the only drawback of the newer drugs are that as yet they don't have a reversal agent .... but since they reduce in your body fairly quickly I decided the risk was outweighed by the pluses.

    Quite a few are on the newer drugs on here so you will find out how people get on with them .

    The one thing to remember is to listen to your body .....and do try yoga...relaxation....reiki....meditation...they all help to de-stress you ....and the breathing exercises from yoga are well worth doing ....the heart reacts very favourably to them all.....and it's fun !

    you will be fine ...we all felt like you do now....been there done that got several t shirts ...:)


  • Thank you... And yes, this group is just the tonic I need! I will talk to the doc about the new drugs, they sound really good. My dad was on warfarin and didn't do so well, so hopefully I will be able to argue my case. I will try yoga, and meditation. And I have already told my hubby that his favourite hobby, stressing me up, is going to have to end lol.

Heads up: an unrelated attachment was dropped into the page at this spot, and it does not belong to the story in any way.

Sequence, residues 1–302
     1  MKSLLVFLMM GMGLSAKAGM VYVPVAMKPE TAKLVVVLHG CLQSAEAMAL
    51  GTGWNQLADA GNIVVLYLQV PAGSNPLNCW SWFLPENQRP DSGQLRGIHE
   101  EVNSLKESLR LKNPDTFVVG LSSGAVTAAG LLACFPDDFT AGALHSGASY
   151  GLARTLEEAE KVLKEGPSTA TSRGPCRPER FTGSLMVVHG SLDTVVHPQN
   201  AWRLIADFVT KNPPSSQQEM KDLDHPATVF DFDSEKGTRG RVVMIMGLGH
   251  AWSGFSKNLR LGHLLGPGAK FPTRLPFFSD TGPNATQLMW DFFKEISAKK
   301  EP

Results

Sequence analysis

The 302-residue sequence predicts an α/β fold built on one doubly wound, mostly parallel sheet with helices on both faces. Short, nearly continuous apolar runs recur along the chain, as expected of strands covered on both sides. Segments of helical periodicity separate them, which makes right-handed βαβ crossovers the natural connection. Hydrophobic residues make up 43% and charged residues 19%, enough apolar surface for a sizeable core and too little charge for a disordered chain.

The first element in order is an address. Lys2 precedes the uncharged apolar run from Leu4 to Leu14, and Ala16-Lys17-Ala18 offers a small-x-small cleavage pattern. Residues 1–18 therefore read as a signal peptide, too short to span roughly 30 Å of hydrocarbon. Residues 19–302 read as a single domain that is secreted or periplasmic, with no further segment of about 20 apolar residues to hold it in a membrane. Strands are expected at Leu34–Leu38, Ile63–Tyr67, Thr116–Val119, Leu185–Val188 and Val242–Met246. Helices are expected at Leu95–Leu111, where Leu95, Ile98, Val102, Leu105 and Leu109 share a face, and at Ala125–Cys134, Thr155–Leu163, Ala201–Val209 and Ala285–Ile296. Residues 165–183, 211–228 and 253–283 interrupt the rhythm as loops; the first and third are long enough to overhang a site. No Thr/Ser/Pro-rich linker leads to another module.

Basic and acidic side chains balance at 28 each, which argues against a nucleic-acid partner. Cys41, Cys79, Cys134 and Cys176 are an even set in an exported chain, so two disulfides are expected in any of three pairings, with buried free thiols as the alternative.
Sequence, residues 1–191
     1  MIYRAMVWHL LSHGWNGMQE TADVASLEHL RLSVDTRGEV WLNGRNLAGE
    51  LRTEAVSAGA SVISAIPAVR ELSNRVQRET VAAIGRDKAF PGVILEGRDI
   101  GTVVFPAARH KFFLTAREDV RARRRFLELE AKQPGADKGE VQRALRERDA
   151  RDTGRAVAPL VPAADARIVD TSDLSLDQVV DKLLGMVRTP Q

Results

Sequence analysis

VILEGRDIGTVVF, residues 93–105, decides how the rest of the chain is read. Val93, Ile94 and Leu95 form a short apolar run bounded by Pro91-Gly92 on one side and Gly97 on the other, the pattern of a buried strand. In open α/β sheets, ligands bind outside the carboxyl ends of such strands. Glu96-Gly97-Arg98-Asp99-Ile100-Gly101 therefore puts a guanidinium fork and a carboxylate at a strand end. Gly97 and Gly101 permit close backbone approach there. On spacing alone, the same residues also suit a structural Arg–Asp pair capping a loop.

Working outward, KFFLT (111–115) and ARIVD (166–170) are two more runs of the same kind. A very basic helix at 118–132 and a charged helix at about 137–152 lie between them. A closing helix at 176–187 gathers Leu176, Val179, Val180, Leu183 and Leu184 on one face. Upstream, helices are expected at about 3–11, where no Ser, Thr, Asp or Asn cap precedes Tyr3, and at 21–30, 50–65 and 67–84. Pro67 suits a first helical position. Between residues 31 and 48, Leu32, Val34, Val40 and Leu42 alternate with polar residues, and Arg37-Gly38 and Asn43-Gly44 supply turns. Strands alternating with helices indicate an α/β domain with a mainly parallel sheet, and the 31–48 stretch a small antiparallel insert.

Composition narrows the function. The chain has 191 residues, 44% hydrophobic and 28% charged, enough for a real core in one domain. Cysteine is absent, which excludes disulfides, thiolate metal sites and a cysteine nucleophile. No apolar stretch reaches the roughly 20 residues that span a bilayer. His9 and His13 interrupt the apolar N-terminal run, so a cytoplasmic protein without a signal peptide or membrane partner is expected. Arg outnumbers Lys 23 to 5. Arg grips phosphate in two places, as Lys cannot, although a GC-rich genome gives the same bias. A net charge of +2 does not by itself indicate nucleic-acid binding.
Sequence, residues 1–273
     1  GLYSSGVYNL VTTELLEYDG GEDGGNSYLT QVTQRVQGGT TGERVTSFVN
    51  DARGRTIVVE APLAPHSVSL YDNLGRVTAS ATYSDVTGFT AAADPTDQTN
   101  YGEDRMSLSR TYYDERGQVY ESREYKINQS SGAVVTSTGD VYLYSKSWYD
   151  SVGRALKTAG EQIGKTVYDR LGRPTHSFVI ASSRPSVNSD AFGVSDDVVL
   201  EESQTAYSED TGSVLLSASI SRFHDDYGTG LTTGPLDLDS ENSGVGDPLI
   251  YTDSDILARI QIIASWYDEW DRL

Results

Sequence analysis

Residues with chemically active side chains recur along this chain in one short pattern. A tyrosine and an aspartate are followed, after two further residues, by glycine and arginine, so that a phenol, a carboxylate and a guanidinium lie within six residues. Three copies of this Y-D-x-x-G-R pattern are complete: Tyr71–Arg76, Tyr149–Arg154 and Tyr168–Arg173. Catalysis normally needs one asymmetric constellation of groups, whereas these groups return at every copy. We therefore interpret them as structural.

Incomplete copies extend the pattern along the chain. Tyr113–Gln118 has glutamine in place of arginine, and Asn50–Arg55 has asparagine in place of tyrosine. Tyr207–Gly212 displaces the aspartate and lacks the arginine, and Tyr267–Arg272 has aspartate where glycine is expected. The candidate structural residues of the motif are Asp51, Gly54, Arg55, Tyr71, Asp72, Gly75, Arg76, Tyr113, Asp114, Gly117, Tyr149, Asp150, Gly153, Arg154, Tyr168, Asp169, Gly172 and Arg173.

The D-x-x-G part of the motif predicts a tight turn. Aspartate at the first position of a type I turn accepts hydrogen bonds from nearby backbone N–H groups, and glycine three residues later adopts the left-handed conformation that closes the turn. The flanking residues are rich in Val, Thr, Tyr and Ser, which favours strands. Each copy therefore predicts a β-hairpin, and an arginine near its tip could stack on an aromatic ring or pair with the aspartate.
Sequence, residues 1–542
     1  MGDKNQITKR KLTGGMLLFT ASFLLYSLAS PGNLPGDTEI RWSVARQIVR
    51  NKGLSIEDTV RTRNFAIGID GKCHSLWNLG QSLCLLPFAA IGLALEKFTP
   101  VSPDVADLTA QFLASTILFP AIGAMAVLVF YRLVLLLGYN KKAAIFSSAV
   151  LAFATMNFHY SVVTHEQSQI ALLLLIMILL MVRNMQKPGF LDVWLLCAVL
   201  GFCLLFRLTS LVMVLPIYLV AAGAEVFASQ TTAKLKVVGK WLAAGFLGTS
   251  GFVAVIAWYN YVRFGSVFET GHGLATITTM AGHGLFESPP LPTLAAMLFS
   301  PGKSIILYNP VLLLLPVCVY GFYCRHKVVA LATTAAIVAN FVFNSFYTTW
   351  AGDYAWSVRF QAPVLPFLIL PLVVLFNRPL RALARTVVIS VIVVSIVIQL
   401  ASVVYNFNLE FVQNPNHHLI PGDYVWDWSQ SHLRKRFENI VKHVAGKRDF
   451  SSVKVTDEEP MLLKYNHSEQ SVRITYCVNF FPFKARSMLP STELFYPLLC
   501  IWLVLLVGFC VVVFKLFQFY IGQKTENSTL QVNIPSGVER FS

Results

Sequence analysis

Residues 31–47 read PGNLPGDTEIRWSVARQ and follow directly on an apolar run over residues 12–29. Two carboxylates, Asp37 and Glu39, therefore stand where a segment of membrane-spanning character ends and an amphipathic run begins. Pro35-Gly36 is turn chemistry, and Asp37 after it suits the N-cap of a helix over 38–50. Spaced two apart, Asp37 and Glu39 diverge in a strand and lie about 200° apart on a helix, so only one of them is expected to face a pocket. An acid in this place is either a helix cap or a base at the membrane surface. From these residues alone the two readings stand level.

I have my fingers and toes all crossed, and am going to take all this great advice. Where do I get the t shirt? :)

  • Hang on I'm sure I have a spare one lol ! :)

  • G'day Eatsalottie,

    I was diagnosed with paroxysmal atrial fibrillation in Jan 2010 (at age 65) . Within 7 hours of onset I was in A & E and had a diagnosis. I was then started on the medication approach which I'm still on and on the same doses as originally put on. I've been healthy all my life and apart from DIY carelessness have only been in hospital once for a non cardiac event (removal of right knee cartildge).The first 12 - 18 months was a very rocky road, getting used to the side effects of Paf and the medication - BUT- then I started to analyse why. Now I'm one of those weirdos who can be in AF and not know it - BUT- every now and then I can feel it, usually a squadron of butterflies in my chest or a mob of octupus wriggling away .... and I feel dreadful. More often I feel palpitations, but, not all the time.